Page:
Featured on The Creators Project
OVERVIEW: Spinal Harp is an exploration of the movitian that creates music through movement.
In the first week we iterated on different attachment pieces and handles with a focus on fab-lab makability, sustainability and usability for both the harp maker and performer. In the second week we explored the theme of “The Prosthetic”, a dancer who’s body has become an extension of the instrument. This is where Spinal Harp was created. After some bodystorming to get an idea on which body part we could focus and emphasise on, we realised that the spine was the most interesting part of the body to work on, since every dancer depends a lot on its movement. That also got us thinking about different animals and characters that could give some inspiration on form and function.
Spinal Harp is a performative exploration part of the Human Harp Project. The brief was simple: create a wearable device to be played like an instrument by a dancer, connected by strings to a bridge. Spinal harp is based on the concept of body extension, prosthesis and exoskeleton. By studying the movement of the body, we found suitable connection points at which we strung musical ropes to the dancer. The string connection to the body is mediated through a body extension that acts as an architectural structure supported by the body. A dancer trained to use the harp can play it through expressive movement guided by the body-extension.
The strings of the node were connected to a circular structure which the dancer attached to the bridge. By pulling this string the dancer would pull a musical wheel within the structure that changed tunes according to the tension on the string. These connections put together created the aesthetics of a harp on the Brooklyn bridge, imitating it's architecture.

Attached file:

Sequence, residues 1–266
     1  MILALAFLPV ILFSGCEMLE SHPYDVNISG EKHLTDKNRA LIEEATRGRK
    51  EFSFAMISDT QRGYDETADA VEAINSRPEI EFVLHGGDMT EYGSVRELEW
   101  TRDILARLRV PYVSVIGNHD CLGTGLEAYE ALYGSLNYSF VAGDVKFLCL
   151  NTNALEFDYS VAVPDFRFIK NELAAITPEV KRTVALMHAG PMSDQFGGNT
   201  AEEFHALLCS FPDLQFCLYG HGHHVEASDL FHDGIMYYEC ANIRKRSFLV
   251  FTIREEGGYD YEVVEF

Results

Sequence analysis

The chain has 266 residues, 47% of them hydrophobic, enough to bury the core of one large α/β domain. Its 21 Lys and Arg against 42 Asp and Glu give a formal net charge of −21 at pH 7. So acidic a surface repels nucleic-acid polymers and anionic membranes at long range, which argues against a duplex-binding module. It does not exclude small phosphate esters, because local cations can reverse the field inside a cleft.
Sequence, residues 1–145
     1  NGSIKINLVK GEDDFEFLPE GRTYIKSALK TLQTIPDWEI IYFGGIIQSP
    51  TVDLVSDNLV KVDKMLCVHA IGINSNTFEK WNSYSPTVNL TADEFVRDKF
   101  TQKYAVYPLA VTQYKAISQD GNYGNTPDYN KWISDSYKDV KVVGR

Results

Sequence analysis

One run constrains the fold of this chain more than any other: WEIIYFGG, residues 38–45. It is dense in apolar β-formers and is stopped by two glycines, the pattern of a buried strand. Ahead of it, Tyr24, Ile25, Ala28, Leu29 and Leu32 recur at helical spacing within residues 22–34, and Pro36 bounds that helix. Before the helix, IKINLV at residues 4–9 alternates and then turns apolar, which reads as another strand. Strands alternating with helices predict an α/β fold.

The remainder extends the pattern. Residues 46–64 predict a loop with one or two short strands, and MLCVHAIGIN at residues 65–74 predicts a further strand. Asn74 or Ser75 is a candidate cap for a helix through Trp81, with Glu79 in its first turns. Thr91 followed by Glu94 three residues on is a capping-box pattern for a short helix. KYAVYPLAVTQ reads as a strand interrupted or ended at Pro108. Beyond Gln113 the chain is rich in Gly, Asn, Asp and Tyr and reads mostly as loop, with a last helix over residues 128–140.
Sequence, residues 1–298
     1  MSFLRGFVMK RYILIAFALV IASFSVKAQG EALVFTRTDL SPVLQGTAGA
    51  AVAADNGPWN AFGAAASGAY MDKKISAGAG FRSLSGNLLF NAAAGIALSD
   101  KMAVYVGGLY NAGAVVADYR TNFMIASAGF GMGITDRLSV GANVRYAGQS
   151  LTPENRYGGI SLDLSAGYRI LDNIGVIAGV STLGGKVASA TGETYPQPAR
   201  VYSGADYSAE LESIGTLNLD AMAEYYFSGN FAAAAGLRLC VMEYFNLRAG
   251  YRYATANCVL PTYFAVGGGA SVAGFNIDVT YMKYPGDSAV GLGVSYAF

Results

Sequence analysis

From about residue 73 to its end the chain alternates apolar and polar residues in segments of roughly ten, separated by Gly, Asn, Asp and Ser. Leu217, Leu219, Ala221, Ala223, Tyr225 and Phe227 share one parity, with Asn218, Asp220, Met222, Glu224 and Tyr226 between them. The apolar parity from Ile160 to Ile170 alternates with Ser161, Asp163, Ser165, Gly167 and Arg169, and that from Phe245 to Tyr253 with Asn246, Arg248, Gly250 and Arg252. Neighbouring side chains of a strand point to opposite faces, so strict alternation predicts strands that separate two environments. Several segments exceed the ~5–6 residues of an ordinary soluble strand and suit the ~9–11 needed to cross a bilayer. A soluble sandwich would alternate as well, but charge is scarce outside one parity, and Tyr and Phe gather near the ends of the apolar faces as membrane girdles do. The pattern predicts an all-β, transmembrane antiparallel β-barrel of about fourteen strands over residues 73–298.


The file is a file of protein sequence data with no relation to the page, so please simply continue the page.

We began to explore forms and shapes based on the dancers movements and crafted hand stitched prosthetics that could fit comfortably on the dancer. Our focus was to ensure that the holster fitted perfectly and comfortably onto the dancers body so that she/he could move freely. Each musical node was connected via magnets that would plug into the prothetic suit of the dancer and generate music through her movement.
The main idea was to ensure that the holster fitted perfectly and comfortably onto the dancers body so that she/he can move freely yet with designed restrictions. This design was further implemented into the Human Harp project by artist Di Mainstone. The project has been showcased and exhibited in Brooklyn New York and London. For more information please visit: www.humanharp.org
The string connection to the body is mediated through a body extension that acts as an architectural structure supported by the body. A dancer trained to use the harp can play it through expressive movement guided by the body-extension. Therefore, the design pattern was dictated by the body instead of visual appeal, which made the curves and the form very functional and logical.